Humanitas On The Mend: Attempted Re-Assertion Of Eternity In Modernity

What is the nature of Christian Humanism as Christian Humanitas?
Photo by Stephen Leonardi on Unsplash

So, with Christian Humanism, we have the idea of the personhood of Christ with an admixture of legitimacy to the claims of the divinity and a belief in the Resurrection of Christ, as some believe in it, in a literal sense. Christ as a Risen Lord figure. 

I would propose Christian Humanism as impossible if taking any of the super-natural claims as literal, as fundamental, where this would question the inerrancy assertions of some demographics of Christians. 

Humanism as the vast majority of usage and understanding rejects the supernatural. Christian Humanism is possible if rejecting those. 

Nonetheless, this wouldn't have much acceptance with individuals including Rick Warren, William Lane Craig, Mark Driscoll, potentially Alvin Plantinga, and a wide swathe of the intellectual and influential matrix of the Christian communities, mostly of men at the forefront, or a mass of the freethought communities, also mostly men at the forefront. 

The latter seems possible, which would become the attempted conversion into Nietzschean Humanism of sorts, which would probably incorporate the short-form anti-institutional form of Christianity as seen in the only Christian - who died on the Cross, where the only thing more powerful than Christian love is Christian hate. 

What Christian humanists seem to mean more is Christian Humanitas, as in "human nature," something like a non-institutional - or not limited to institutions - life-long deep education, paideia, on the personhood of Christ, as such. 

Whether super-naturalistic or naturalistic, the life, example, and personhood, of Christ as something to be studied as life and for a life, where human nature comes to be studied through the aperture of the biblical narratives and examples of the Son of God.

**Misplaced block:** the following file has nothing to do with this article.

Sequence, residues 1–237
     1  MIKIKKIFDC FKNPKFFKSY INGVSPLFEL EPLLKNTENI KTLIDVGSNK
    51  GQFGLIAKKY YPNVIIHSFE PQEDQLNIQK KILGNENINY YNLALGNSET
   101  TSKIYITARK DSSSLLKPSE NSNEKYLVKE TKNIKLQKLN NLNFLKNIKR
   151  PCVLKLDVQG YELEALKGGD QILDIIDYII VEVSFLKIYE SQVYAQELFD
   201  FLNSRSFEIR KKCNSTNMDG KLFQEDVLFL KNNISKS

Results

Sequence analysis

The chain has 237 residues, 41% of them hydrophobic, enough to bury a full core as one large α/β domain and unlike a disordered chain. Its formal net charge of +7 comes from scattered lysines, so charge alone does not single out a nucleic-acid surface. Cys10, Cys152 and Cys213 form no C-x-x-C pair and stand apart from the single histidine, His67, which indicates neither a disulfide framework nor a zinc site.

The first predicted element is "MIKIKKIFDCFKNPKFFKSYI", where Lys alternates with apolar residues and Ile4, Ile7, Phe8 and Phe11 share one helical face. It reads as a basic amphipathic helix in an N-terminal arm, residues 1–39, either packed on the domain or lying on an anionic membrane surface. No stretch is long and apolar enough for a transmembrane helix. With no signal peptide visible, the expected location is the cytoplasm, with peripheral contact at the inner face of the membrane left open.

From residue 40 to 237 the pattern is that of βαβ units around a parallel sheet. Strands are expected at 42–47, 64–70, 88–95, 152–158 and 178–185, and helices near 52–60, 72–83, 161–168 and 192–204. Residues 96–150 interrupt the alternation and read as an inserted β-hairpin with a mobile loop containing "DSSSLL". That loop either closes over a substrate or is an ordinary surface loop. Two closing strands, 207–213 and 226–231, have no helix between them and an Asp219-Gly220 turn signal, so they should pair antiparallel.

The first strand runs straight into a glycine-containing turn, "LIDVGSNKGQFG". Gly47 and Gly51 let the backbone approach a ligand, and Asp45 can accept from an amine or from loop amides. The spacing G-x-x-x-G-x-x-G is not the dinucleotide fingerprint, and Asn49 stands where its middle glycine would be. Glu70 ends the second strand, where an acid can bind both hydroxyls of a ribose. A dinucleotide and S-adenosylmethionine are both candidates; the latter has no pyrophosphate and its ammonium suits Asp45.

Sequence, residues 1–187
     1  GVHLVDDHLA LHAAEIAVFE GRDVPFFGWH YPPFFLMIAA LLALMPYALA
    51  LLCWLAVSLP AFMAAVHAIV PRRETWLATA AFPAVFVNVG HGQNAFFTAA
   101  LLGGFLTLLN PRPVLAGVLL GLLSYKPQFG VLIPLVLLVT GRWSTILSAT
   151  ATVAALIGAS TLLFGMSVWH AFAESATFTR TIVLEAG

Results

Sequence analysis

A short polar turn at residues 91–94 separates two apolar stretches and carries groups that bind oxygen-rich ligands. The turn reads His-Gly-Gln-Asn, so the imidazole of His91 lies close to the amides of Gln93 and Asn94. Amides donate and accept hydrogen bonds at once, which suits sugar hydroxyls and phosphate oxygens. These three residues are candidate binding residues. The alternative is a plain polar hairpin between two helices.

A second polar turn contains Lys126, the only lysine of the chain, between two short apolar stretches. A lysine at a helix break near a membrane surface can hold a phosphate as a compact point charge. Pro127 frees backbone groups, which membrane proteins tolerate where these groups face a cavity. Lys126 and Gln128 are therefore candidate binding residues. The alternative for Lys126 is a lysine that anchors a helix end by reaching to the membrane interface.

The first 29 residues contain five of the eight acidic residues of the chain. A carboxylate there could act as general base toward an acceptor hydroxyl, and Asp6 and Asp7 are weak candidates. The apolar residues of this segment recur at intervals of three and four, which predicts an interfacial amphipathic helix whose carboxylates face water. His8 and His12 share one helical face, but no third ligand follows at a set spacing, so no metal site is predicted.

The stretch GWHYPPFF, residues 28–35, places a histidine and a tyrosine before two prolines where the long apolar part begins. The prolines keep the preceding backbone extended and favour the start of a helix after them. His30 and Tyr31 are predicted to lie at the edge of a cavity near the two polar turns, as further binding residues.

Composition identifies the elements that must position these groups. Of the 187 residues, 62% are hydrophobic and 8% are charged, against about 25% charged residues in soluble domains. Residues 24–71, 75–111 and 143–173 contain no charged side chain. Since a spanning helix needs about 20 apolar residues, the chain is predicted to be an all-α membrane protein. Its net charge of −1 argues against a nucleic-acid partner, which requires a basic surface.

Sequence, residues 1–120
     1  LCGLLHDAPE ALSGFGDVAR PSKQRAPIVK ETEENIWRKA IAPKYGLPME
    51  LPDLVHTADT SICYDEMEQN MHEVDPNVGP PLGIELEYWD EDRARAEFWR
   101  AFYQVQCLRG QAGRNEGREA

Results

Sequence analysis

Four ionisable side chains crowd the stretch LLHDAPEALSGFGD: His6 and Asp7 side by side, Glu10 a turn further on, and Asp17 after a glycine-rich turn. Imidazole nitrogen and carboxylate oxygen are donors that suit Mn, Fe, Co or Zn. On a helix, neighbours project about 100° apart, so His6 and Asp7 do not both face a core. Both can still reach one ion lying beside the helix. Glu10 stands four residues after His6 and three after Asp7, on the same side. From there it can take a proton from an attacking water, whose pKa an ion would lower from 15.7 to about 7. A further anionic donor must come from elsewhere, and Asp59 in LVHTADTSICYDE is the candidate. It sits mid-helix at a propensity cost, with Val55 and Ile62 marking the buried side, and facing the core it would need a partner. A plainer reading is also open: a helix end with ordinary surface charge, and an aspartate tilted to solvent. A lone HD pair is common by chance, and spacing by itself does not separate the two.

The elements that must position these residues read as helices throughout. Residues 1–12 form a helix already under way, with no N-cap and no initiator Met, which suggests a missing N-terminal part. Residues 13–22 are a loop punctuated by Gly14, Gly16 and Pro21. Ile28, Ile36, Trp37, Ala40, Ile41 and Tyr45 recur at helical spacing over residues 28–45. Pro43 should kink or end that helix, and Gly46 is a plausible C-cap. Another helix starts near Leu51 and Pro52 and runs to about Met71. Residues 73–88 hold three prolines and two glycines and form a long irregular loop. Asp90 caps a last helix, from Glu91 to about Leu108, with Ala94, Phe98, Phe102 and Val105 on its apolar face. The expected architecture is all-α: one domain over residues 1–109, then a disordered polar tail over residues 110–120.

Questions of fundamentalist or not, literalist or not, inerrantist or not, Protestant or Catholic, Trinitarian or Unitarian, et cetera, become utterly moot because the gravy on this train stands as firm and fixed as a Mormon temple on the basic questions, "What is Christ's nature in relation to human nature (Humanitas)? How is this studied and lived out in life?" 

This is not Humanism. It is Humanitas as a self-limiting formulation of Humanism through a lens beyond the constructed divisions of Christians while grounded in the identity of existence itself, God Himself, as in Christ's person as this relates fundamentally to human nature; the identity of human nature in relation to the identity of reality itself, as a coupling of the mortal and the transcendent. 

The first question dealing with theoretics; the latter working with pragmatics; both ubiquitous to the Christian life, as in the life of the mind, the heart, and the body (the actions in the world). 

The more the first question is answered, then the more the latter is lived out, and, in this sense, one could consider the conversion experience as not a once-in-a-lifetime event in some superficial event involved at a local church or congregation, but, rather, a lifetime series of happenings, or unfoldings, as one grows into the personhood of Christ, the identity, of God, while in an asymptotic manner. 

Thus, Christian Humanism becomes possible in a self-limiting formulation of Christian Humanism as Christian Humanitas taken as both a theoretical and practical enterprise carried through an entire life as a process of becoming as God Himself as represented symbolically and literarily in the narrative of Christ.

Founder of In-Sight Publishing and Editor-in-Chief of In-Sight: Independent Interview-Based Journal. He is an Independent Journalist and Researcher. Jacobsen works for science and human rights, especially women’s and children’s rights. He considers the modern scientific and technological world the foundation for the provision of the basics of human life throughout the world and the advancement of human rights as the universal movement among peoples everywhere. 

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